Woolworths is pushing ahead with plans to overhaul working forces with automated robots, with new announcements to replace staff slammed by union groups.
The organisation will close three warehouses with a total of 1,350 staff in Minchinbury and Yennora in Sydney, and Mulgrave in Melbourne. All three centres will be closed in 2025.
Woolworths said that less than half those workers — just 700 staff — will be redeployed to automated and semi-automated distribution centres located in the Sydney suburb of Moorebank.
It is connected by rail to Port Botany, and Woolworths chief supply chain officer Paul Graham said it will mean at least 26,000 fewer truck movements per year on Sydney’s roads:
“Cutting-edge automation will build tailored pallets for specific aisles in individual stores, helping us improve on-shelf product availability with faster restocking, reducing congestion in stores, and enabling a safer work environment for our teams with less manual handling.”
Woolworths has set aside $176 million to cover potential redundancy costs for existing staff, while the union body has slammed the announcement and backed the community during this shift.
“The announcement by Woolworths to replace our members’ jobs with robots is particularly heartless given the back-breaking work our members did to support Woolworths through COVID and make them massive profits,” Matt Toner from the United Workers Union said.
The new centres will be owned by Qube logistics and initially leased by Woolworths for 20 years.
Woolworths is planning to invest $700-780 million in the technology and fit-out of the new distribution centres, while Qube will invest between $420-460 million to build them.
Graham said the company had seen the benefits of the new, automated Melbourne South Regional Distribution Centre and was looking to build on those in New South Wales.
THE AUTOMATION SHIFT
Supermarkets have already announced they will be launching new “electronic workforces”, including the recent launching of automated warehouses in the same region.
Woolworths first announced their intentions to transition to automation in April 2018, revealing a new $215 million fully automated facility that will be “the biggest and most advanced automated distribution centre in the southern hemisphere”.
The company tested their automated distribution warehouse last year, after completion of the facility in September 2018.
Soon after, Woolworths released a promotional video to demonstrate the extent of processes achievable in an automated setting, including multi-storey racking systems, robotic high-speed conveyor and sorting systems:
Coles also struck a deal with British online supermarket group Ocado to run its website and distribution warehouses by 2023, which will double home-delivery capacity.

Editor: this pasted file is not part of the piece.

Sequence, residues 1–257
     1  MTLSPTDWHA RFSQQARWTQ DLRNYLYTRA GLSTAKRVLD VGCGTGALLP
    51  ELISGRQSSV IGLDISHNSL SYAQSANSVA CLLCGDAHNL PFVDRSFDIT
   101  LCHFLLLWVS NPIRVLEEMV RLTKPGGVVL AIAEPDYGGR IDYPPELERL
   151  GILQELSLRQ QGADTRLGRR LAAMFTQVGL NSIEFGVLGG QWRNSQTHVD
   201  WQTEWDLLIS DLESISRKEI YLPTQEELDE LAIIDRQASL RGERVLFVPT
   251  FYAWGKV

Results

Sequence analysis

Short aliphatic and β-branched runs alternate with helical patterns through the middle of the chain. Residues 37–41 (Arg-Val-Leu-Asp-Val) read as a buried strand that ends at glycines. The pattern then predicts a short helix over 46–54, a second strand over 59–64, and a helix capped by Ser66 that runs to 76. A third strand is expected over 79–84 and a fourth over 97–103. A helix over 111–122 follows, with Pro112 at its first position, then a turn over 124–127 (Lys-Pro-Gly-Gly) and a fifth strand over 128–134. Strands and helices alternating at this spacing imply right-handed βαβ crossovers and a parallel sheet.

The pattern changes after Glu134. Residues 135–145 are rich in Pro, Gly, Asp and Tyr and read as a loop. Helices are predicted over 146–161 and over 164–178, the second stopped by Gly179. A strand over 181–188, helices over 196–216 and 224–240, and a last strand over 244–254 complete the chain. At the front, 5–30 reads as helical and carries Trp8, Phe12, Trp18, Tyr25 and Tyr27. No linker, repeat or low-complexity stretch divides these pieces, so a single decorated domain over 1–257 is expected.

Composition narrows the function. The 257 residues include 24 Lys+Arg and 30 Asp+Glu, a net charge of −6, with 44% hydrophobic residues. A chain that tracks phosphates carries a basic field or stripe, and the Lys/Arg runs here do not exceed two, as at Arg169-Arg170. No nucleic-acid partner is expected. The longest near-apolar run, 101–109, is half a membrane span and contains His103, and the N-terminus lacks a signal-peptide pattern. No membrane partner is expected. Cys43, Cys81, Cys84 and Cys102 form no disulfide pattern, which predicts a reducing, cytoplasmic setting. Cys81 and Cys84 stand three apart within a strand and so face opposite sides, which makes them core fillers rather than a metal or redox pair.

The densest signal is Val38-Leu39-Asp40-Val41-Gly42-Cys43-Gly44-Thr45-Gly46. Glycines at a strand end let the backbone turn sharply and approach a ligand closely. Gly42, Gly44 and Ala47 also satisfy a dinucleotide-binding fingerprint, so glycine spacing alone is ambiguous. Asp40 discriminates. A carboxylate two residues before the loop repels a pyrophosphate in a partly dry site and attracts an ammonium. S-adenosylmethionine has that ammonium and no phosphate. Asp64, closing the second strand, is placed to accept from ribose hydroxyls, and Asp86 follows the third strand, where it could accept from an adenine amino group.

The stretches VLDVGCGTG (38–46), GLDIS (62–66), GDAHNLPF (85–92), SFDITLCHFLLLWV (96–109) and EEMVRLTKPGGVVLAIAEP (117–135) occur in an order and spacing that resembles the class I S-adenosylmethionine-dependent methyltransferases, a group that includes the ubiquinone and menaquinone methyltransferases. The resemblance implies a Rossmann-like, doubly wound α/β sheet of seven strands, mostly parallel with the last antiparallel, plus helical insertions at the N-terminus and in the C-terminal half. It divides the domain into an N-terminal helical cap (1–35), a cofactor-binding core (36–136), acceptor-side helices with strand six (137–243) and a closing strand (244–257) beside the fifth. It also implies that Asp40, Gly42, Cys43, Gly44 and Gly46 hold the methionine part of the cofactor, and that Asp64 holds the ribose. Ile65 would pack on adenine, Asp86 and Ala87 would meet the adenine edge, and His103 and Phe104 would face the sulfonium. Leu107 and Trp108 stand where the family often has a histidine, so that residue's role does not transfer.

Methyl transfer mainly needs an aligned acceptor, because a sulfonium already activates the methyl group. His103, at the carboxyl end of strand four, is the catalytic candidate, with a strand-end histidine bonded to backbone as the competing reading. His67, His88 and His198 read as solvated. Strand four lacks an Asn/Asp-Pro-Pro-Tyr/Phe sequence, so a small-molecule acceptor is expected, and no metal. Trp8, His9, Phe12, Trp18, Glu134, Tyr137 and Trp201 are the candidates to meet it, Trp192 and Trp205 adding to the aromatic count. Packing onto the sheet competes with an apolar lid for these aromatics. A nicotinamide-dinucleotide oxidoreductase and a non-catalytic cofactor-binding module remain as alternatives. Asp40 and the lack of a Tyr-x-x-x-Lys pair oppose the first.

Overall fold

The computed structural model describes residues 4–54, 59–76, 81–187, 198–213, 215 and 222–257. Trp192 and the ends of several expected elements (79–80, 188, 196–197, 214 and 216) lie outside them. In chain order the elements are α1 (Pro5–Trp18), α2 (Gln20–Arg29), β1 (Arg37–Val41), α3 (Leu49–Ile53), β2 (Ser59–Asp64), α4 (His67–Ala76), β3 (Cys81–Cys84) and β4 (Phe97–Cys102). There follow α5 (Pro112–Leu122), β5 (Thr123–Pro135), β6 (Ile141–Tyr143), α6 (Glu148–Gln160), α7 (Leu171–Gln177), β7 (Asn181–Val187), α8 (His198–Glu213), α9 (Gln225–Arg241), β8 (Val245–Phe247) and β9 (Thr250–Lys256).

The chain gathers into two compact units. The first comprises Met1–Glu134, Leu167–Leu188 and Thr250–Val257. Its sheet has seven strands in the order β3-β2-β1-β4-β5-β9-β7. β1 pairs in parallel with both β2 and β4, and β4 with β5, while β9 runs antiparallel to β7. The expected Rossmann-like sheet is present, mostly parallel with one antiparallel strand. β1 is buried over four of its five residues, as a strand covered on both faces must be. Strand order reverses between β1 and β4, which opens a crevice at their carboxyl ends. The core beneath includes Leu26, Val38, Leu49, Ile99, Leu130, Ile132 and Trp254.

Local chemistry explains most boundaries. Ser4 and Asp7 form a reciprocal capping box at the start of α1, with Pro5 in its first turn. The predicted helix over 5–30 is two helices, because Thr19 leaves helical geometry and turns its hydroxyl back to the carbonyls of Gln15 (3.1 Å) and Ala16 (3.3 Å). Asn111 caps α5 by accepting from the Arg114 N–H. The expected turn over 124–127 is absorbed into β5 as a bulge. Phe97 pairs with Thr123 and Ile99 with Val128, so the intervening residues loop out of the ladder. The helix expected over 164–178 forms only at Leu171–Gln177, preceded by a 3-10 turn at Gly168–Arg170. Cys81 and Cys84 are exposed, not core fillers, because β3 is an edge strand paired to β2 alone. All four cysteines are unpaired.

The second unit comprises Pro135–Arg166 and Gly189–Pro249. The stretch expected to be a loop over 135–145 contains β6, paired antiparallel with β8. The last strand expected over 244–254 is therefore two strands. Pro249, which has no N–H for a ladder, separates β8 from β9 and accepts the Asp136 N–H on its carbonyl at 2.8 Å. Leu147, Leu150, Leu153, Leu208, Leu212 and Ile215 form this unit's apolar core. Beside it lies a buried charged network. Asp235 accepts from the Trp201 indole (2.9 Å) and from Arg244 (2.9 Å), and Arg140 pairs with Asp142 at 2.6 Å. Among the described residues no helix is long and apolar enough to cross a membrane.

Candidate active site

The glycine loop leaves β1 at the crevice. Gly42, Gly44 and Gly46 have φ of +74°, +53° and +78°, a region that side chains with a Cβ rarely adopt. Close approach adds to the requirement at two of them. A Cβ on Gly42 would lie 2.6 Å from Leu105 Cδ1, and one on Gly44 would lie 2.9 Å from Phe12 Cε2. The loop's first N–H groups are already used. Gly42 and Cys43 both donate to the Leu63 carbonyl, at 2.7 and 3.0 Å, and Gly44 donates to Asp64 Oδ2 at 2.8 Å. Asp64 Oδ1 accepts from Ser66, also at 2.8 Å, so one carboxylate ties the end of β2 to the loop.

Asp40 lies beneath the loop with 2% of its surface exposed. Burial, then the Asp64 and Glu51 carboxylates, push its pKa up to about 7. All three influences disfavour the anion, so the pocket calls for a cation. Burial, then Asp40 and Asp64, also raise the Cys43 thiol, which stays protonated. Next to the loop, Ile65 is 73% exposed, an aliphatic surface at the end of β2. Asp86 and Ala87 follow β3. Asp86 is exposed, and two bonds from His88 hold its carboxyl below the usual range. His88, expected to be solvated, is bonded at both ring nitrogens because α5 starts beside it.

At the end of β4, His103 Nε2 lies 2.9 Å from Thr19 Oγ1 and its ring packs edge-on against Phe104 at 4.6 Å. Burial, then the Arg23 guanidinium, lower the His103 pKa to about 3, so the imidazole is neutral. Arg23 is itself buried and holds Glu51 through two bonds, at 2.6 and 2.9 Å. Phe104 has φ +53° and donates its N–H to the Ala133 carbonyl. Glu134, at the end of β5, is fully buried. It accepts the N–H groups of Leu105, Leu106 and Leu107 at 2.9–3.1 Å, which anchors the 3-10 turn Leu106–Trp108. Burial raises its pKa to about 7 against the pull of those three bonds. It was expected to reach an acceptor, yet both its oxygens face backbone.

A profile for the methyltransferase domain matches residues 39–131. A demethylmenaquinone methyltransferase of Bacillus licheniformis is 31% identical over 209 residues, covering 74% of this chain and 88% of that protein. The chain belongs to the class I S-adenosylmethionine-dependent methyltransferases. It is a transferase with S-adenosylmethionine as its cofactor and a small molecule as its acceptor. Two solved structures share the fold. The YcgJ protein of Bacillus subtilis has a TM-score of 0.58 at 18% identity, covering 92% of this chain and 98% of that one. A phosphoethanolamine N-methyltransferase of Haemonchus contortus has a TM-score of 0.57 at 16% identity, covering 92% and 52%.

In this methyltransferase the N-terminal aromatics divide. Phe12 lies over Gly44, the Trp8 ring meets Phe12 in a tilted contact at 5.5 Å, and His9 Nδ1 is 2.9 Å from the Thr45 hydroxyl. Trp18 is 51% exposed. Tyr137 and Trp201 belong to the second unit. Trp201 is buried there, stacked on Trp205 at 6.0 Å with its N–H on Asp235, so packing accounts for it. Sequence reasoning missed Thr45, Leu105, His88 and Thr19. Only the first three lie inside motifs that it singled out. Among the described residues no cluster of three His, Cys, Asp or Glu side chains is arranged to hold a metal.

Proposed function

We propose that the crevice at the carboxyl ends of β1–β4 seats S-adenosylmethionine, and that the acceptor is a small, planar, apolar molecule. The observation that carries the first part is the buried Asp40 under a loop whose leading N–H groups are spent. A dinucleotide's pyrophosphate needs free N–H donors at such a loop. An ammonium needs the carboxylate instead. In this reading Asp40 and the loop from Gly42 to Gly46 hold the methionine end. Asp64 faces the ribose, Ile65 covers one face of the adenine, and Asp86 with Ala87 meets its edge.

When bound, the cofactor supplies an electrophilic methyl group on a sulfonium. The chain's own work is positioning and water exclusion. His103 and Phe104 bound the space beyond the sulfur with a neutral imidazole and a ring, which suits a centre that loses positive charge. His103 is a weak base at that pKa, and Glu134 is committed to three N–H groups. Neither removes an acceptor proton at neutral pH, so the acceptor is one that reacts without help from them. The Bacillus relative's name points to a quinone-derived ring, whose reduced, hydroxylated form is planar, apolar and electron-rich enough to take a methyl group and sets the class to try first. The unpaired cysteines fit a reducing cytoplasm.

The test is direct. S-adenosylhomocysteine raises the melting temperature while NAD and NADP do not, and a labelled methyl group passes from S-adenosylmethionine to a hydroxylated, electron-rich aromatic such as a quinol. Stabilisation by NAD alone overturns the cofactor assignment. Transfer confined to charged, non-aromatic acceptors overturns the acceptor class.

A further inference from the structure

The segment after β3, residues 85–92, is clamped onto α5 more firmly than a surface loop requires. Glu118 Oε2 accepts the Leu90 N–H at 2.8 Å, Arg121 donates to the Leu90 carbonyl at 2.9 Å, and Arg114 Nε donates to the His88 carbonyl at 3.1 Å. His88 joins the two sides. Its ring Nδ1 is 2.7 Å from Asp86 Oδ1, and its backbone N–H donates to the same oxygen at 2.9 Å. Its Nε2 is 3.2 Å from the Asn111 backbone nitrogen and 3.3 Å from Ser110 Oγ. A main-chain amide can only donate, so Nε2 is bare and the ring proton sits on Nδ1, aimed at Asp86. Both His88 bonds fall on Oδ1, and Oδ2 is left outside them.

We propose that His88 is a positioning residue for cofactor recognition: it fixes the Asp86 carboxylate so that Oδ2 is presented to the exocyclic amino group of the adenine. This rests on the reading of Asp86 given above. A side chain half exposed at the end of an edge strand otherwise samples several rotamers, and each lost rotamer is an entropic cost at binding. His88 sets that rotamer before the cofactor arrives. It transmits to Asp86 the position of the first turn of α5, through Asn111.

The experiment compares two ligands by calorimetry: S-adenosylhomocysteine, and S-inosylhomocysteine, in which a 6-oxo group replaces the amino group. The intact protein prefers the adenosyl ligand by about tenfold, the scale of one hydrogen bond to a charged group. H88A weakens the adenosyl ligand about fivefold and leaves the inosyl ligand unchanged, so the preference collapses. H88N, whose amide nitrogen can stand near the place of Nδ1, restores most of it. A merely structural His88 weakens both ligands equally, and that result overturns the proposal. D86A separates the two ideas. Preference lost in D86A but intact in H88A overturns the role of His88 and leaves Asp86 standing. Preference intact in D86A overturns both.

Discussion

Negotiations included plans to launch a new website and build two highly automated “fulfillment centers” in Melbourne and Sydney, replacing five existing distribution outlets. The news today likely signifies this replacement process is going ahead.
Ocado was founded in 2000 by three former Goldman Sachs bankers and now has a 20 per cent share of the multi-billion dollar online grocery market.
The world of supermarkets has already changed dramatically in wake of the COVID-19 saga, with social distancing guidelines, cashless pushes, changed layouts and more.
This shift is only set to increase in the future, with Australian supermarkets predicted to become “checkout free” within 10 years, according to a Coles executive.
No doubt, artificial intelligence and automation will continue to be pushed moving forward, now aided by calls behind the scenes to provide ‘solutions’ following COVID-19. How ironic.
Given online grocery sales were expected to hit $3.3 billion this year alone, before the ‘crisis’ hit, it should come as no surprise that other corporations are wanting to move in and capitalise.
AMAZON MOVES IN
Online retail giant Amazon is building one of the largest warehouses in Australia in its latest efforts to expand its operations in the country. It will be roughly the size of Taronga Zoo.
Construction on the 200,000 square metre robotics fulfilment centre has already begun at Kemps Creek in Sydney’s west, close to the under-construction Western Sydney airport.
Amazon has ‘set the standard’ for warehouse automation, opening more than 50 robotics fulfilment centres across the world. This project will be the first in Australia:
Minister for Jobs, Investment, Tourism and Western Sydney, Stuart Ayres said the jobs on offer were “not the traditional warehouse jobs we’ve seen in the past”:
“We are creating new opportunities for technicians, computer engineers, computer programmers and bringing more smart jobs to where people live here in Western Sydney.”
It will incorporate the company’s latest robotics systems where robots move shelves to workers therefore reducing the amount of walking employees have to do and improving processing times.
The centre will stock up to 11 million items and is expected to begin delivering packages to NSW residents by Christmas 2021.
The future looks bleak. More than five million jobs — or almost 40 per cent of Australian jobs that exist today — have a “moderate to high likelihood” of disappearing in the next 10 to 15 years due to technological advancements, a CEDA report being has found.
Once again, how ‘ironic’ that the timing of this monumental shift just happens to coincide with the aimed completion of the Agenda 2030 plan. Smart cities, digital tracking and identification, a cashless society and the introduction of the Internet of Things (5G, AI, etc.).
We are witnessing the Birth of a Brave New World before our very eyes.
When will Australians fight back? Will you be a part of The Great Split?
Supermarkets to be ‘checkout free’ by 2030 | TOTT News
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